Why Mindfulness Matters Now
With the whole world staying at home in efforts to prevent the spread of COVID-19, it may be difficult to prevent our thoughts from spiraling out of control. The versions of ourselves from just a few weeks ago may seem foreign now as we all deal with difficult thoughts and stress. During these trying times, the practice of mindfulness may be especially beneficial in maintaining a sense of peace and calm.
Mindfulness is essentially focusing on the present and being aware of how you feel in that moment. Frequently used in meditation and other therapeutic techniques, mindfulness is not complicated, and its practice can help protect oneself from anxiety, stress, and social isolation. However, it requires some amount of work to center your thoughts into your present and accepting them as they are without labeling them as good or bad. Rather than allowing negative emotions and fear about the future to clutter our head space, with mindfulness we can develop the ability to remain calm, centered, collected and compassionate while dealing with life’s challenges.
So how do you practice mindfulness? How we experience time and life is dependent heavily on our emotions and therefore very subjective. Worrying constantly about the past or future renders us unable to appreciate the present. Using these techniques may help you clear your mind and attain some much-needed calm.
Sit or stand in any position you like and focus on your breathing. Breathe in through your nose, breathe out slowly through your mouth and concentrate on the sensation as the air enters your body and leaves it. When your concentration starts to falter, gently bring your focus back onto your breathing.
Five Senses Exercise
Focus your attention on five things that you can see, four things you can feel, three things you can hear, two things you can smell, and one thing you can taste. This method is a quick and easy exercise to focus your attention, increase awareness, and it induces a mindful state.
Reduce Black & White Thinking
Focusing on two extremes of an action constitutes black and white thinking. The problem of focusing on only what you may want and not want is that it will result in feelings of fear and anger. When this occurs, remind yourself that giving space to these thoughts only amplifies the stress experienced. Become aware of what your mind is doing and accept things as they are.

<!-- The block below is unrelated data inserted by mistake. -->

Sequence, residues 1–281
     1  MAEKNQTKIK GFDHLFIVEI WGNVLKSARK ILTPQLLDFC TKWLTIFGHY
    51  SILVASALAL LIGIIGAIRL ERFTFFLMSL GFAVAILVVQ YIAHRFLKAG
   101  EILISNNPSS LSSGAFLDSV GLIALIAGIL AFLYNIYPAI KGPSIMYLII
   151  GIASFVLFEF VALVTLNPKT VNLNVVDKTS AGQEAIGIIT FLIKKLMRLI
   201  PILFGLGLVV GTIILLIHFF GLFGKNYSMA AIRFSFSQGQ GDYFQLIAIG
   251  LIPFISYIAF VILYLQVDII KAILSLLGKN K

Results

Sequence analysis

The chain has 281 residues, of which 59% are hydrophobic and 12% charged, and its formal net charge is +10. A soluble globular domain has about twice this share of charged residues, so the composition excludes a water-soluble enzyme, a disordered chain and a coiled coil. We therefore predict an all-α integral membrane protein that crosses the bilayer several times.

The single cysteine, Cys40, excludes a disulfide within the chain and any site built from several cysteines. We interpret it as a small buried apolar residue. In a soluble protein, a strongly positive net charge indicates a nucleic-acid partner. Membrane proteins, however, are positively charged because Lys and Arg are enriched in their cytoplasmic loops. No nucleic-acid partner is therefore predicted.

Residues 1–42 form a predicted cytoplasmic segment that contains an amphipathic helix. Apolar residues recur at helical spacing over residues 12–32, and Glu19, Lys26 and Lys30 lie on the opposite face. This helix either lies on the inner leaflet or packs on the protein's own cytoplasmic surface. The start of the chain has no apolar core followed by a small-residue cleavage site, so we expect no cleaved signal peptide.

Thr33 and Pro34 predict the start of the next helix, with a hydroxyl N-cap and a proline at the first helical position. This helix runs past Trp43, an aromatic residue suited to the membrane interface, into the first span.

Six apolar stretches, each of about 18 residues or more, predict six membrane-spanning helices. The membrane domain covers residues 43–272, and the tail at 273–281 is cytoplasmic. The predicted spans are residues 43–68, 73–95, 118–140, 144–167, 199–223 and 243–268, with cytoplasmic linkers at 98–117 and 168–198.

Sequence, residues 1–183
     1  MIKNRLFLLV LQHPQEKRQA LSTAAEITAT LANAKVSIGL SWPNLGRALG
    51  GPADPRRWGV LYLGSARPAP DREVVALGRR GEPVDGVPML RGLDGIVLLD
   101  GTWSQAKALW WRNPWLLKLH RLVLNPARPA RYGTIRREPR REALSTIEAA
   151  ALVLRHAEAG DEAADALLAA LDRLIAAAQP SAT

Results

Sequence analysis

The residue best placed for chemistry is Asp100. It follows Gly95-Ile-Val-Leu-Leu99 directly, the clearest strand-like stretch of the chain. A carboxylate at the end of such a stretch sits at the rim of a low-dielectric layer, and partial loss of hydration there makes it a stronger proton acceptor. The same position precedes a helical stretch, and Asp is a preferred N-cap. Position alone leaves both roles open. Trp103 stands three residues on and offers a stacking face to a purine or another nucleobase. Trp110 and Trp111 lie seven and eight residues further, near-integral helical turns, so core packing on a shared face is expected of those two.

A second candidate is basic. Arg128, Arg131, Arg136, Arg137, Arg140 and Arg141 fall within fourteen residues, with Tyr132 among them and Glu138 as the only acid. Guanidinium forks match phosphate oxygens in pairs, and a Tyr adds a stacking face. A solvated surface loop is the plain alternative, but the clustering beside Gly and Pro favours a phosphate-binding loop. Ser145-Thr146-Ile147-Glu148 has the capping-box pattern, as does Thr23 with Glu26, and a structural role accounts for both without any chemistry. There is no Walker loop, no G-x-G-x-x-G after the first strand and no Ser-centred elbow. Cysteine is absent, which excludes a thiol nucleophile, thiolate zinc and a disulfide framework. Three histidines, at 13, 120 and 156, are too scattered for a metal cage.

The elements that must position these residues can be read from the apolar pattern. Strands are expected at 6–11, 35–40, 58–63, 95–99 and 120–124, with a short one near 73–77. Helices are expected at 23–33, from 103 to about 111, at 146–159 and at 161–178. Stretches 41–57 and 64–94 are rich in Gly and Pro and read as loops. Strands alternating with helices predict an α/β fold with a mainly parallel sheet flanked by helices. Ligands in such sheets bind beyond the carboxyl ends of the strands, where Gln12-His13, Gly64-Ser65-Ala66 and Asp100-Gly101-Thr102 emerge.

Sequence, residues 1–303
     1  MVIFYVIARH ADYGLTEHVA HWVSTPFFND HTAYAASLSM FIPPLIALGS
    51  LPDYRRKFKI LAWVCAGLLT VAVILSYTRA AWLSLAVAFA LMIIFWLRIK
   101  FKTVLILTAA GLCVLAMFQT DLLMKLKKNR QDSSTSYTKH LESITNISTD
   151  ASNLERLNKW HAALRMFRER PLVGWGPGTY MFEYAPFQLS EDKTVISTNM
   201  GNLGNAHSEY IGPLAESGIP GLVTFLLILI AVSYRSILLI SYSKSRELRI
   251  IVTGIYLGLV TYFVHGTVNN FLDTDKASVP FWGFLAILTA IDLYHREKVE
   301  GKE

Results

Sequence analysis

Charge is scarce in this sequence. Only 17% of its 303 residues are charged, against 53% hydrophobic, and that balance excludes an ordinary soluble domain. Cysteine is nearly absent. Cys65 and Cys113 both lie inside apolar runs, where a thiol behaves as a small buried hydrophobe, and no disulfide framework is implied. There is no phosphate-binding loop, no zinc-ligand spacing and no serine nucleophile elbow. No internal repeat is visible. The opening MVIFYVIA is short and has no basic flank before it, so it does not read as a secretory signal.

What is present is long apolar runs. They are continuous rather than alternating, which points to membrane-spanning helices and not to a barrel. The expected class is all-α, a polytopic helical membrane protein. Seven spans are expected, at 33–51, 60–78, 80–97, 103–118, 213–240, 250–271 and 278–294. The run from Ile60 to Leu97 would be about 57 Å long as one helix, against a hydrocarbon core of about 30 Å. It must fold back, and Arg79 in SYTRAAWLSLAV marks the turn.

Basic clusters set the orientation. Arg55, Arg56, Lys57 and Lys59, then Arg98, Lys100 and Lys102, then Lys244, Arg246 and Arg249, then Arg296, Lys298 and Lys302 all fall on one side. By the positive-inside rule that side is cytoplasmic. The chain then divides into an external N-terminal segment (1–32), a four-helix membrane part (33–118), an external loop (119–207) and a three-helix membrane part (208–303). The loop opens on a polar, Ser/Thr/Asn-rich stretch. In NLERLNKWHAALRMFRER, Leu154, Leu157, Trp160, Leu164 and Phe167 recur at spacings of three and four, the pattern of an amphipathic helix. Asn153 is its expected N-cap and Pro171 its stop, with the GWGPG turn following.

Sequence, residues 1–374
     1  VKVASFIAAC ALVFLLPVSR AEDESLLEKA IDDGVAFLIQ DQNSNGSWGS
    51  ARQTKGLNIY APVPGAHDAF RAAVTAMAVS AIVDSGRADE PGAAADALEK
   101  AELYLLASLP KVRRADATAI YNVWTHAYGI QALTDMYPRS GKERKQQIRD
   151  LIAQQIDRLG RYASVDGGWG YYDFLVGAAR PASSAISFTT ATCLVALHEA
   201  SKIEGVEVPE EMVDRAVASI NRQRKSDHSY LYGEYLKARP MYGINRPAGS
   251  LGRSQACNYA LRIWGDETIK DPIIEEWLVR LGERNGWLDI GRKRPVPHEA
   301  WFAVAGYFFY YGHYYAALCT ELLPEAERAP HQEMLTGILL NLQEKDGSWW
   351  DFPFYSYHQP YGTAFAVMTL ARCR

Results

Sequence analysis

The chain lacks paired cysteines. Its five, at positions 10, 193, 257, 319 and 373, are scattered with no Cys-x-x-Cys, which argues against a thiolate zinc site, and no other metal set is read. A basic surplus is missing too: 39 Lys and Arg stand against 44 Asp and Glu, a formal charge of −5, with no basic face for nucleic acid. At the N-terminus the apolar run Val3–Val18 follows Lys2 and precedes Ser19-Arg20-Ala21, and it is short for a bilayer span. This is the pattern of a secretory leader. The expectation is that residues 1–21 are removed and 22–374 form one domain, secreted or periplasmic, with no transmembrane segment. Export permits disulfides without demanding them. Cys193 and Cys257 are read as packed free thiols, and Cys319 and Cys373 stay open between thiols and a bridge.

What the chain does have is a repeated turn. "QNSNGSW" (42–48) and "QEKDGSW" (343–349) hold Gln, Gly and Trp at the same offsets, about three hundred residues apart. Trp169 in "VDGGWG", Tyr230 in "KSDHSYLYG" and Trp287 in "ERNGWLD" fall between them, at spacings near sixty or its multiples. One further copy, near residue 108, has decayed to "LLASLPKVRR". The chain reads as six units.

Choose an item in your natural environment, like a flower, leaf, or clouds and strengthen your connection to it. Spend about two minutes simply relaxing and watching that object and explore every aspect of what it looks like. Focus on the senses that allow you to experience this object and learn to appreciate them as opposed to going on autopilot.
Contrary to popular opinions, multitasking can actually create more stress. Engaging in multitasking causes us to pay less attention to each task at hand. Instead, set goals that are achievable, focus on one thing at a time, and immerse yourself in that task. Get creative with your daily routine and explore new ways to make a familiar task exciting.
Designate time to carry out mindful activities and remember that mindfulness only comes with practice. Life is full of precious moments and worrying about our past or future causes us to take for granted our happiness in the present moment. In a world that is currently too agitated and distracted, practice mindfulness not only for you, but also for those you care about. Increasing your ability to cope in a positive manner only makes you stronger, for yourself, your loved ones, and your community.
#StaySafe, and #StayStrong. We’re in this together.